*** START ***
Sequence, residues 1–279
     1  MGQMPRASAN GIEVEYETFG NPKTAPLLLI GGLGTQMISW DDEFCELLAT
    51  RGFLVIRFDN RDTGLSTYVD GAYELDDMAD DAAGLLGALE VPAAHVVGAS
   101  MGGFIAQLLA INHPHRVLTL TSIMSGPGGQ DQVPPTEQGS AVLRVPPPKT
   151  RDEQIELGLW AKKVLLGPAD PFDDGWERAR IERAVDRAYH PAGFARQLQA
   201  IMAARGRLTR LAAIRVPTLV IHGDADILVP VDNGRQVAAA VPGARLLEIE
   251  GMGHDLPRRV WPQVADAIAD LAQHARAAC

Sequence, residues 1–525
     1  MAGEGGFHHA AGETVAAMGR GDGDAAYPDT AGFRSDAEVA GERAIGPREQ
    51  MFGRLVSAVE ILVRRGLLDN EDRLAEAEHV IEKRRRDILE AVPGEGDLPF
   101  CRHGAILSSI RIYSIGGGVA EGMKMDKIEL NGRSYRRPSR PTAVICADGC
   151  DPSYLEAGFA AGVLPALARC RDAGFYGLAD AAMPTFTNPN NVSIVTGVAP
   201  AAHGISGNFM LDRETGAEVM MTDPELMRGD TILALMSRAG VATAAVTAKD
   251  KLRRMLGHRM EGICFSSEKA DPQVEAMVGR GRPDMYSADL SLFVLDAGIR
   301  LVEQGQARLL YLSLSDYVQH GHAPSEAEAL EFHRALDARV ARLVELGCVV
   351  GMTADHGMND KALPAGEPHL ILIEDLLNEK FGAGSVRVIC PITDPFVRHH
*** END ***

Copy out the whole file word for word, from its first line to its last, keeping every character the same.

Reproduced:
Sequence, residues 1–279
     1  MGQMPRASAN GIEVEYETFG NPKTAPLLLI GGLGTQMISW DDEFCELLAT
    51  RGFLVIRFDN RDTGLSTYVD GAYELDDMAD DAAGLLGALE VPAAHVVGAS
   101  MGGFIAQLLA INHPHRVLTL TSIMSGPGGQ DQVPPTEQGS AVLRVPPPKT
   151  RDEQIELGLW AKKVLLGPAD PFDDGWERAR IERAVDRAYH PAGFARQLQA
   201  IMAARGRLTR LAAIRVPTLV IHGDADILVP VDNGRQVAAA VPGARLLEIE
   251  GMGHDLPRRV WPQVADAIAD LAQHARAAC

Sequence, residues 1–525
     1  MAGEGGFHHA AGETVAAMGR GDGDAAYPDT AGFRSDAEVA GERAIGPREQ
    51  MFGRLVSAVE ILVRRGLLDN EDRLAEAEHV IEKRRRDILE AVPGEGDLPF
   101  CRHGAILSSI RIYSIGGGVA EGMKMDKIEL NGRSYRRPSR PTAVICADGC
   151  DPSYLEAGFA AGVLPALARC RDAGFYGLAD AAMPTFTNPN NVSIVTGVAP
   201  AAHGISGNFM LDRETGAEVM MTDPELMRGD TILALMSRAG VATAAVTAKD
   251  KLRRMLGHRM EGICFSSEKA DPQVEAMVGR GRPDMYSADL SLFVLDAGIR
   301  LVEQGQARLL YLSLSDYVQH GHAPSEAEAL EFHRALDARV ARLVELGCVV
   351  GMTADHGMND KALPAGEPHL ILIEDLLNEK FGAGSVRVIC PITDPFVRHH